posted 2 June, 2022

Tracking feral cats and eastern quolls with GPS technology

Letting the cat out of the bag is something most people try and avoid but Matt Pauza, a wildlife biologist for Biosecurity Tasmania, is quite literally tasked with doing this on a regular basis. Out on one of his regular visits to Bruny Island, Matt gently lowers a bag to the ground as he prepares to release a feral cat from its confines. Recently trapped on Bruny Island and fitted with a GPS collar before its release, this cat’s movement will be tracked over the coming months in the hopes of finding out more about its habits. After taking a second to gets its bearings, the cat springs away and disappears into the thick coastal heathland.

Matt is undertaking crucial research into the ecology of feral cats on Bruny Island, providing vital information for NRM South’s Australian Government-funded project to protect eastern quolls and manage the island’s cat population. The cats that Matt is collaring and tracking are all feral cats – cats that permanently live in the wild, removed from humans. However, domestic, stray and feral cats all have significant impacts on Bruny Island’s unique and diverse wildlife – including eastern quolls. As well as directly predating on native species, cats are also commonly host to two parasites, toxoplasmosis and sarcocystis, that cause significant issues for sheep farmers and native mammals.

Cat management is an effective means of both protecting wildlife and supporting agriculture, and feral cat control has been underway on Bruny Island since 2017. The current round of the project (which has been running since 2020) has removed more than 90 cats from the project area in the last 18 months. Despite this progress, knowledge of cat movements on Bruny Island is limited, and this has ongoing implications for their management.

Matt began GPS collaring feral cats on Bruny in 2018 as, at the time, there wasn’t much information available about their range, habitat preferences or how they move through the landscape (for example, whether they move preferentially along habitat features such as beaches or forest edges). This type of information is critical to the success of the trapping program as it helps inform when and where to target management actions to ensure the best results.

Catching and deploying GPS collars on feral cats is tricky. A deft hand and adept trapping skills are needed to handle these often large and wily animals, sedate them and fit the GPS collars. Two feral cats have now been collared as part of the current project, and the data collected so far is building on movement data collected in 2018 and 2019 to provide a better picture of how feral cats move and survive on the island at different times of year.

Most of the cats I have collared to date have been observed using the shearwater colonies in the southern portion of north Bruny Island. The cats appear to use this area throughout the year. However, once the shearwaters leave in April on their northern migration, the cats expand their home range to include the forest, rural and coastal landscapes adjacent to the colonies. Conversely when the shearwaters return to breed in September, the cats focus and reduce their movements to colonies. We can use this habitual movement to better target and control feral cats.’ – Matt Pauza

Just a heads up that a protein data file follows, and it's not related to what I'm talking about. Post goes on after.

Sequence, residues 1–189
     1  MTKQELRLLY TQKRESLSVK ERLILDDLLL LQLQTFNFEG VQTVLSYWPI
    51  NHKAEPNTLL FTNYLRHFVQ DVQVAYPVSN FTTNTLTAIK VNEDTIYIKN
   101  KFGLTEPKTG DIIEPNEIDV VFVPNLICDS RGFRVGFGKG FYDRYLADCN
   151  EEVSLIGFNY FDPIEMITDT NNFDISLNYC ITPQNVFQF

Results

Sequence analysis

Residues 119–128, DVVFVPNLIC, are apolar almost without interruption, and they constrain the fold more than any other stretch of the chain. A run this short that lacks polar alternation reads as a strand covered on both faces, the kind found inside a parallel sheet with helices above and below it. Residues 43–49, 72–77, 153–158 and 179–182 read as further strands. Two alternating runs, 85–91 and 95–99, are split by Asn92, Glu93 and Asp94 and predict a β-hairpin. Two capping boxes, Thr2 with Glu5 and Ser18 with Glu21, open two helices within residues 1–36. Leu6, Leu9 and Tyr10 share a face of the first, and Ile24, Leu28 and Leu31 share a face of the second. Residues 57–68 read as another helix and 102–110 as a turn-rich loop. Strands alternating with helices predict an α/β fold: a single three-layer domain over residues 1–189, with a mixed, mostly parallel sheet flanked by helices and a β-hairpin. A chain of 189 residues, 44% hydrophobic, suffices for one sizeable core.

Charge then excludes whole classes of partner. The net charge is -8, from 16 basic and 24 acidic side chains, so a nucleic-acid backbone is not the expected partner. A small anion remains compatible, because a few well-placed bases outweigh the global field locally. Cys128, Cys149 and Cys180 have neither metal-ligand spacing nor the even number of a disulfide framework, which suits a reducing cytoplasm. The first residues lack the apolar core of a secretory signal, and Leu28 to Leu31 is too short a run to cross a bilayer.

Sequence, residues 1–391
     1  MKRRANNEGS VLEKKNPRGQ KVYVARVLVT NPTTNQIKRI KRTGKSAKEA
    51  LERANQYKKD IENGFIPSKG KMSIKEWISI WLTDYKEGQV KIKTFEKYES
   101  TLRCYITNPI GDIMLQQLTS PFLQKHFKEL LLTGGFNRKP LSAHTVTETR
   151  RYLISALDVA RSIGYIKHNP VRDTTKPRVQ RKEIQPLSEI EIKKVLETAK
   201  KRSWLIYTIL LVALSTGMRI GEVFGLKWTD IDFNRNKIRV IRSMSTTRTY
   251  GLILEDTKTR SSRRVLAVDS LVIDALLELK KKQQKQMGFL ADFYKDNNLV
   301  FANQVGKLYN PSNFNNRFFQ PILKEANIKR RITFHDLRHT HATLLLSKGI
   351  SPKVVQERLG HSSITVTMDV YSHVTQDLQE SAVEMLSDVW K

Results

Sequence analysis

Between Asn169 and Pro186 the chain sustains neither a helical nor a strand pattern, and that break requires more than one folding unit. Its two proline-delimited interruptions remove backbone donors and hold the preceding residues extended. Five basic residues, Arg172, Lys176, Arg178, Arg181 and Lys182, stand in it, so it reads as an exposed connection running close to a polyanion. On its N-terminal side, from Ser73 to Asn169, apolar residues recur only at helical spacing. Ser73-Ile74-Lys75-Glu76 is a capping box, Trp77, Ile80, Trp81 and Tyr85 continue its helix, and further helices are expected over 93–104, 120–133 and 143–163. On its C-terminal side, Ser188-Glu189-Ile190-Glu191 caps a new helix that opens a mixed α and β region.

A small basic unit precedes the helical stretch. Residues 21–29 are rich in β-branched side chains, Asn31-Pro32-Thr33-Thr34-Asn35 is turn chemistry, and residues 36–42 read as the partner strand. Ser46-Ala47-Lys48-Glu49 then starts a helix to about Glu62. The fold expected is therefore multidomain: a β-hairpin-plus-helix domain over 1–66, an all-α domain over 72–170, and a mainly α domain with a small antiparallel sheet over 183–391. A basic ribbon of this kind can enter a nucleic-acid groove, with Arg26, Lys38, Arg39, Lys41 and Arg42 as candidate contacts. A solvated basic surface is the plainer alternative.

In addition to examining the movement ecology of feral cats, Matt is also getting a better idea of the extent feral cats interact with the endangered eastern quoll. Matt has been collaring quolls around the Neck and Cape Queen Elizabeth to investigate how they interact with feral cats, and how they might use habitat differently to avoid cats.

Attaching GPS collars to quolls has required some attention to detail. After seeking advice from mainland researchers working on similar sized species, I have been able to perfect my methods and I am now waiting for the data to come in from the collars I have deployed. Bruny is something of a stronghold for eastern quolls and this data will give us good insight into how this species interacts with feral cats and provide information on the threat they may pose to quolls on the island.’ – Matt Pauza

Rosie Hohnen, Senior Project Officer overseeing the project for NRM South, has relied heavily on Matt’s data to inform the feral cat trapping activities on the island and has been able to get a better understanding of where, and how far, feral cats can travel.

‘Seeing the data from Matt’s work has been a real eye opener in terms of understanding the impacts of cats on Bruny. Some cats have moved huge distances in a single night and have been recorded in parts of the island we didn’t realise they visited. We’re hoping that the more data we collect the better picture we can build of their habitat preferences, and areas we should target that will make our program more effective and have better results for Bruny’s wildlife and farmers.’– Rosie Hohnen.

Heading towards the end of the project’s second year, additional animals will be collared as part of this research. During the final year of the project, the data collected from both feral cats and quolls will be collected and analysed. This data will feed into a report on feral cat and eastern quoll ecology and interactions on Bruny Island.

This project is supported by NRM South through funding from the Australian Government. It is a partnership project with Kingborough Council, Biosecurity Tasmania, Bruny Farming, the South East Tasmanian Aboriginal Centre and the Ten Lives Cat Centre and supported by weetapoona Aboriginal Corporation.